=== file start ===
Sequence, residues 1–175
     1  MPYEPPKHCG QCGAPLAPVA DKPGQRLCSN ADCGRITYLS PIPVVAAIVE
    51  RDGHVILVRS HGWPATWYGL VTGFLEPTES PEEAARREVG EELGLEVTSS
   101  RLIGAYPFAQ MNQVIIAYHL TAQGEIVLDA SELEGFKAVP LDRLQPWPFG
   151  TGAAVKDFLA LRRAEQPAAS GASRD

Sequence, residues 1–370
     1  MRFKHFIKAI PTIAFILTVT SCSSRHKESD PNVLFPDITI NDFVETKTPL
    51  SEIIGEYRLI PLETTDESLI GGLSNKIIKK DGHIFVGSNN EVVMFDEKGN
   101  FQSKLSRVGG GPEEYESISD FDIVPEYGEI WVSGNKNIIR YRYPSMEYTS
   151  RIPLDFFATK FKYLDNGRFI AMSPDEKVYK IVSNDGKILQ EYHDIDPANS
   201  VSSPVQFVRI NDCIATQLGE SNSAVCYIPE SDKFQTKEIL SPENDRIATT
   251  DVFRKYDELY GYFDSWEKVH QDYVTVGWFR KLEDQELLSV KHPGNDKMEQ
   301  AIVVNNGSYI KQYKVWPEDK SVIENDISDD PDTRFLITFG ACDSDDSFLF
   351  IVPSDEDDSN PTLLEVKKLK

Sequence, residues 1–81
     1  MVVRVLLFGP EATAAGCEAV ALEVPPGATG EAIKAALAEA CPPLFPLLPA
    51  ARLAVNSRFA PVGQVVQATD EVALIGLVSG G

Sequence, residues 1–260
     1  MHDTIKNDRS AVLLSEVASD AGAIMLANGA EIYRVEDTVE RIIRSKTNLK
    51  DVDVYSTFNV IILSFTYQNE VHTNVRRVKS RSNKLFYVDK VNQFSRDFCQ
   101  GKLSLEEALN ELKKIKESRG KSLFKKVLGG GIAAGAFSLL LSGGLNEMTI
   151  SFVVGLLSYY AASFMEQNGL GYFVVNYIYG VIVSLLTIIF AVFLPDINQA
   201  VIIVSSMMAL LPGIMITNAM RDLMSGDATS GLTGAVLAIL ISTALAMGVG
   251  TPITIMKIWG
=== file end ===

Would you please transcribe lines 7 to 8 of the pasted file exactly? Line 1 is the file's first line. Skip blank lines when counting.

     1  MRFKHFIKAI PTIAFILTVT SCSSRHKESD PNVLFPDITI NDFVETKTPL
    51  SEIIGEYRLI PLETTDESLI GGLSNKIIKK DGHIFVGSNN EVVMFDEKGN